Overlook “Fifty Sunglasses of Grey” — right here’s “Fifty Sunglasses of Xenu.”
On Monday night, the Church of Scientology launched its own TV network, with the same slogan as the “Fifty Shades” posters: “Curious?”
It’s a fitting tag line, given that Scientology is notoriously opaque. The arguable religion often makes headlines for its celebrity followers like Tom Cruise, John Travolta and Elisabeth Moss, its practice of labeling critics “suppressive persons” and for chief David Miscavige’s mysterious spouse.
the new Scientology Network seems to be an attempt to bolster the faith’s popularity. It’s available on DirecTV, Apple TV, Roku, Google Play and Amazon’s Fire TELEVISION.
So, what varieties of displays can you expect to search out on Scientology Community? Unfortunately, now not a “Fifty Shades” by-product starring Cruise. actually, there are not any Xenu-worshipping celebs in any respect. so far, the network facilities on authentic programming considering favorable messages concerning the church. listed here are a couple of standouts:
“Inside Of Scientology”
“Inside Of Scientology” comes off as a longer infomercial for the church, with slick editing, catchy tune and an it appears prime-production price. Viewers be told about the church’s locations around the global, take a digital excursion of the Los Angeles headquarters and hear testimonials from a serene Scientologist announcing such things as, “Scientology is a era, the similar means that building a bridge is generation” and “for me, Scientology is the era of life.” Now Not incorporated: references to omnipotent extraterrestrial beings.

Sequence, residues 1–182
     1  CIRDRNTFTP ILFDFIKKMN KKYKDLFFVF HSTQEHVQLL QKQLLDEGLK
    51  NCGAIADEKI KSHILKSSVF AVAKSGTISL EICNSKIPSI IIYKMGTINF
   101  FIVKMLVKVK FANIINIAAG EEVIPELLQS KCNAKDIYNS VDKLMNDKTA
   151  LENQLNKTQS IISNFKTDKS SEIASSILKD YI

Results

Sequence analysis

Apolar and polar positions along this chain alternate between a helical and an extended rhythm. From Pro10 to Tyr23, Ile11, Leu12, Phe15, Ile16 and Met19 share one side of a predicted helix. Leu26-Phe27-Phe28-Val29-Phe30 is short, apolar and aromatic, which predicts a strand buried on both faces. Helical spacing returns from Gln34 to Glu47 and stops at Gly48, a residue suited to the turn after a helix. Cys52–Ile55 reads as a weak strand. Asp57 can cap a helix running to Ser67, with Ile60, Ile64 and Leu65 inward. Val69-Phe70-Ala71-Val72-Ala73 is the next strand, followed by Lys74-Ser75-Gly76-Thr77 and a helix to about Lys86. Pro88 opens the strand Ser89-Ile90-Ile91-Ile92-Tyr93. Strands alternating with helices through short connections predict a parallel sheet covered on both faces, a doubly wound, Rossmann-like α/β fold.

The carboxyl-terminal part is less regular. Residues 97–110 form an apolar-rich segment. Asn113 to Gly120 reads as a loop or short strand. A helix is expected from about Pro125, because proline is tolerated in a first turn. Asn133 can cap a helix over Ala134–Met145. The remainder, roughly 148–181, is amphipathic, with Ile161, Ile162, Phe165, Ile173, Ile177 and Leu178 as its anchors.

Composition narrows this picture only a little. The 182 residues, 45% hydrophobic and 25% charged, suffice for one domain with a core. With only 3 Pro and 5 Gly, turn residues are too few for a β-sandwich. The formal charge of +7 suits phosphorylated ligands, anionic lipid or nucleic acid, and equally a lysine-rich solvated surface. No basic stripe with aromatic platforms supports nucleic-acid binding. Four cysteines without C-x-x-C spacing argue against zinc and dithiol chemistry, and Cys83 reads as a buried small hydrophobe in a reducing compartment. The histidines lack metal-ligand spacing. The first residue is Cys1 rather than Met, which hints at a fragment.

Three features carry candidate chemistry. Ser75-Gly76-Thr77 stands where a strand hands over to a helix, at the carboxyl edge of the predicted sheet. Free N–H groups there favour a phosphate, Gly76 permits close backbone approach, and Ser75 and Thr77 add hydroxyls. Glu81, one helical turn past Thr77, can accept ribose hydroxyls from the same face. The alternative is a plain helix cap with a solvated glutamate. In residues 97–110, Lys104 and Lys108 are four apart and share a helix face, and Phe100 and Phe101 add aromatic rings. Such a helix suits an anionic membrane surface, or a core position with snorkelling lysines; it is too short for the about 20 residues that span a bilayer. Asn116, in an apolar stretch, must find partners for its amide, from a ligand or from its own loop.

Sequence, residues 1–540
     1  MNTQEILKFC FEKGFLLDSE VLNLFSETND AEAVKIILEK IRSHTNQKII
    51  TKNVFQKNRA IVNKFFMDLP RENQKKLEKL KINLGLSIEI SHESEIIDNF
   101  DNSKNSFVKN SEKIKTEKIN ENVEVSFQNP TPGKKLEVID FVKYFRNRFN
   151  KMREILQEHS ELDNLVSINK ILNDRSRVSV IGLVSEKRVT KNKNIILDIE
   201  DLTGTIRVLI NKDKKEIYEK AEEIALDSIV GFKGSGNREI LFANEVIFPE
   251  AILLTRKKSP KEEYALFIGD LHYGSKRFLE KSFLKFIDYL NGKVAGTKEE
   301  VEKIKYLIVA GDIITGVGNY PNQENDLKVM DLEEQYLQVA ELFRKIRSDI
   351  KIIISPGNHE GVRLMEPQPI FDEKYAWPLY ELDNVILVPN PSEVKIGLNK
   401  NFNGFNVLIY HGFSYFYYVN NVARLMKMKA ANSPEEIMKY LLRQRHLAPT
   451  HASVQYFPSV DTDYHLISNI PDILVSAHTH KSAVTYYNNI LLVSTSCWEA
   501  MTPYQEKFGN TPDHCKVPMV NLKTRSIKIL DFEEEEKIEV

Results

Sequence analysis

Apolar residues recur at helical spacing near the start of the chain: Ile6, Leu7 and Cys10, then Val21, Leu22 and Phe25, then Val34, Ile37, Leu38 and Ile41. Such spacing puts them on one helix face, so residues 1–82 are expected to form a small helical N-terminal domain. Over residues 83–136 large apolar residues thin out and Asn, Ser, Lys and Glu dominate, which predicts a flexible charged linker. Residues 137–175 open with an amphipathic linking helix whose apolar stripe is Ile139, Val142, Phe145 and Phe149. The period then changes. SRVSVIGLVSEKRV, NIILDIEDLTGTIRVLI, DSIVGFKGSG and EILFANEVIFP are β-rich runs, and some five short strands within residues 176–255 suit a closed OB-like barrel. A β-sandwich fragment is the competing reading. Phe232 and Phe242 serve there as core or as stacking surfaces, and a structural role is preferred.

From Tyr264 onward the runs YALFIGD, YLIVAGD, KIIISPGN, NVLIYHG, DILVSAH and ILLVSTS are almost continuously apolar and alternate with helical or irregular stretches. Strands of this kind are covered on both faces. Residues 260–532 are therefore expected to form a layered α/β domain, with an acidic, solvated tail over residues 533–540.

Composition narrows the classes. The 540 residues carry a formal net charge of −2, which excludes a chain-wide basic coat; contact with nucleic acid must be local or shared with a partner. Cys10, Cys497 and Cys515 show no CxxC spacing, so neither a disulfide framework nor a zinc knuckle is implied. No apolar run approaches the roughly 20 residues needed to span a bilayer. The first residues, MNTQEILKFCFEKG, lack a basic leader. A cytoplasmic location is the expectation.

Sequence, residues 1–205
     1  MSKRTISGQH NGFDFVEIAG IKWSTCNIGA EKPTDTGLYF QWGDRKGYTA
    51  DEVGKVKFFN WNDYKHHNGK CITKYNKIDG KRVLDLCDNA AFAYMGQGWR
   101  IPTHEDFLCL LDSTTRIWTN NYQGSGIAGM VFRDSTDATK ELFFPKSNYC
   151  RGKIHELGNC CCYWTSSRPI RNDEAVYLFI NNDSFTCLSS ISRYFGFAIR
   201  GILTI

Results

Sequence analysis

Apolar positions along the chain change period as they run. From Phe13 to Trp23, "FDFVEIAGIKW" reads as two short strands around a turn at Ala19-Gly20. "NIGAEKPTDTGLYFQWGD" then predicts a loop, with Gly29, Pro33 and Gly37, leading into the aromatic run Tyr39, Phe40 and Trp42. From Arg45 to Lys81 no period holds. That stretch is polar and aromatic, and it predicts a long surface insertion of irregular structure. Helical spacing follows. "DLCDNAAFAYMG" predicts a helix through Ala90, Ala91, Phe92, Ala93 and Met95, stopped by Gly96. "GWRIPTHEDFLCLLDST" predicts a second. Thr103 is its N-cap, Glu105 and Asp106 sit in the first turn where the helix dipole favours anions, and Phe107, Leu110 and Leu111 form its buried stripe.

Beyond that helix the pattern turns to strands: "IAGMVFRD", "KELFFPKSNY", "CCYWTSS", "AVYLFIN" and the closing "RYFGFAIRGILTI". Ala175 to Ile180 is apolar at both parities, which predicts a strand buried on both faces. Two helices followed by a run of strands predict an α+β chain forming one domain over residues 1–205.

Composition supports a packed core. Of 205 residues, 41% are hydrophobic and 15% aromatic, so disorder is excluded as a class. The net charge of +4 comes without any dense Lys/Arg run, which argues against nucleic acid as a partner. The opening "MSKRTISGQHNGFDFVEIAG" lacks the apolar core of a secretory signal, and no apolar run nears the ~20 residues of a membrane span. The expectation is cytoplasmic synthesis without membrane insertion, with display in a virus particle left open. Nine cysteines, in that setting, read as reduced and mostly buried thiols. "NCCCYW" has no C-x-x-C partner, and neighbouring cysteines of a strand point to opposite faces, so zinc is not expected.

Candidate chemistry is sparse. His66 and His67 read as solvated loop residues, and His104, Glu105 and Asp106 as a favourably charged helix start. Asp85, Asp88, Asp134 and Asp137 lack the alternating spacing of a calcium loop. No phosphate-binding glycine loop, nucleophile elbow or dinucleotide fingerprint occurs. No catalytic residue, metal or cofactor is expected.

“Voices for Humanity”
Like “Inside Scientology,” “Voices for Humanity” is a documentary-taste show that specialize in the church’s volunteer paintings around the global. It highlights causes like their efforts to go out leaflets informing underprivileged groups about the risks of substances. (Monday night’s episode makes a speciality of humanitarian help efforts in Colombia.) The show is the polar reverse of HBO’s Emmy-winning 2015 documentary “Going Clear: Scientology and the Prison of Belief,” which lingered on alleged human rights abuses within the church.
“Meet a Scientologist”
This show introduces the viewer to actual-lifestyles Scientologists, such as one elderly couple who paintings to restore tools. (Again, none of the Scientologists proven are celebrities.) In the same approach that “Voices for Humanity” looks as if the church’s reaction to the HBO documentary, this looks as if the Scientology answer to A&E’s Emmy-winning collection “Leah Remini: Scientology and the Aftermath,” about ex-Scientologist and actress Leah Remini’s harrowing adventure and other ex-participants’ ordeals.
“Vacation Spot: Scientology”
“Destination: Scientology” showcases Scientology’s international scope in several communities from Harlem to Johannesburg to Mexico Town. It’s like the Scientologist version of “Anthony Bourdain: Portions Unknown,” handiest with much less food and extra earnestness. (Monday night time’s episode focuses on Inglewood, Calif.)
“L. Ron Hubbard: In His Own Voice”
Billed as “an unique three-phase documentary collection,” “L. Ron Hubbard: In His Personal Voice,” tells the biography of science fiction creator and Scientology founder L. Ron Hubbard, the usage of his own writings and recordings.